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Is finding the largest prime factor of a number computationally easier than factoring the number into powers of primes?

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  • $\begingroup$ this is an offshoot of the 3rd problem on ProjectEuler. $\endgroup$
    – ajay
    Sep 25 '12 at 5:56
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    $\begingroup$ If the largest prime factor can be found in polynomial time, then applying the same algorithm a linear number of times produces a complete prime factorization, still in polynomial time. So, no, it's not easier. $\endgroup$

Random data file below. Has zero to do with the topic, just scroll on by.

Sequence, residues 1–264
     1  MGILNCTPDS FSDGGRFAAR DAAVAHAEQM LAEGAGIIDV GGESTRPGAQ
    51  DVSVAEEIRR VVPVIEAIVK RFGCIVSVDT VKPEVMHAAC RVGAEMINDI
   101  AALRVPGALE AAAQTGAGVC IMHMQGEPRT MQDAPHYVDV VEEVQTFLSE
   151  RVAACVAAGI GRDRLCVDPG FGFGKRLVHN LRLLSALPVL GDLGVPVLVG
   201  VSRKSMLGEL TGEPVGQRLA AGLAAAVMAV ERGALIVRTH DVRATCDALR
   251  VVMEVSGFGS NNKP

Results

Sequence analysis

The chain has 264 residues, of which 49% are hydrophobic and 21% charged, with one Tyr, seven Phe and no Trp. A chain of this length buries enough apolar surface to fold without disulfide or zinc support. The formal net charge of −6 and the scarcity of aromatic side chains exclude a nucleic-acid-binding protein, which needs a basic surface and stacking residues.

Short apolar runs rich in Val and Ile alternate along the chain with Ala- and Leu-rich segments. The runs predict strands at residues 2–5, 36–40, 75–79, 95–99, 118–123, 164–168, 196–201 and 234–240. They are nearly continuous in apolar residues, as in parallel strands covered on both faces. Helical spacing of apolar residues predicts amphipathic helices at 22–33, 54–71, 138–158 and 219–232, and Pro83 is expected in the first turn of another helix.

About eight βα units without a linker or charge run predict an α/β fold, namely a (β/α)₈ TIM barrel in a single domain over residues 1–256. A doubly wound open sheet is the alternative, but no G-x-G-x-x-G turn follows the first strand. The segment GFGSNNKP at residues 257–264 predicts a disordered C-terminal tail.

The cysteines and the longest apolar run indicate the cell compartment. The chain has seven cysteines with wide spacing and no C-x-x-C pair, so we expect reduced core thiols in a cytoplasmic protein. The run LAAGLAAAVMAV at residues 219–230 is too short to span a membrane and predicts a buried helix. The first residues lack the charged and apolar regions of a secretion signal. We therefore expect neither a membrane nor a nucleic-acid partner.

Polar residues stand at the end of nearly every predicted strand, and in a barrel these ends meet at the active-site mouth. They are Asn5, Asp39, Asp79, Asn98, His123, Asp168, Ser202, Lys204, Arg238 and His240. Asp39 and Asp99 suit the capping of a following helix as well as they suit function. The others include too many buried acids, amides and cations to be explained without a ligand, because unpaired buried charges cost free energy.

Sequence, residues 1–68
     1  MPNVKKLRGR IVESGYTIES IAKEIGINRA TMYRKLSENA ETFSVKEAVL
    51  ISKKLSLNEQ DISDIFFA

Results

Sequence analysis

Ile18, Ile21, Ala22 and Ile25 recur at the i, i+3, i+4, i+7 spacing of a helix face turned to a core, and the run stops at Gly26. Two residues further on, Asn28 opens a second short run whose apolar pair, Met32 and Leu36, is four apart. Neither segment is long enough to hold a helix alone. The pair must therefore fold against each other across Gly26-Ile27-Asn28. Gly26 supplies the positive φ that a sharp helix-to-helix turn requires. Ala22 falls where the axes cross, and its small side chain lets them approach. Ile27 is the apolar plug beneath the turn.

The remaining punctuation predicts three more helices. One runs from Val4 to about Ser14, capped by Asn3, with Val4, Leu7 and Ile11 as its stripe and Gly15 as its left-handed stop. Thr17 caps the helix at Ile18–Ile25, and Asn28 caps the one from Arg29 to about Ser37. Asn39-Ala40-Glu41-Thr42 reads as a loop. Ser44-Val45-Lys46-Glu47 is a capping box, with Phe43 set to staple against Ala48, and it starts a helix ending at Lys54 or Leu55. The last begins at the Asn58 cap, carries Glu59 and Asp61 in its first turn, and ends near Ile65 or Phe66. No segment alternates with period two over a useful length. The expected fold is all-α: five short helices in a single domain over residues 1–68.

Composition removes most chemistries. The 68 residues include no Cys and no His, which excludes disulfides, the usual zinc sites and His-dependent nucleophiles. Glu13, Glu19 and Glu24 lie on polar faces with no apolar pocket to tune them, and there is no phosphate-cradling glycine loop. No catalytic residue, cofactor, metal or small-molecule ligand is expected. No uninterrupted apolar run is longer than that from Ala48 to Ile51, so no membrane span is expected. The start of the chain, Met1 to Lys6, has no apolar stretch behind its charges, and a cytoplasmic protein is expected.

– mjqxxxx
    Sep 25 '12 at 6:03
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no, see

https://mathoverflow.net/questions/104043/saying-things-rapidly-about-integer-factorisations

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Of course it is easier, since factoring a number into prime powers gives you the largest prime factor for free. In general, it's only a tiny bit easier. There will be extreme examples, like $4^k-1 = (2^k-1)(2^k+1)$, where it might be much easier to prove that one of the numbers is a prime and therefore the largest prime factor, than to factor the other number further.

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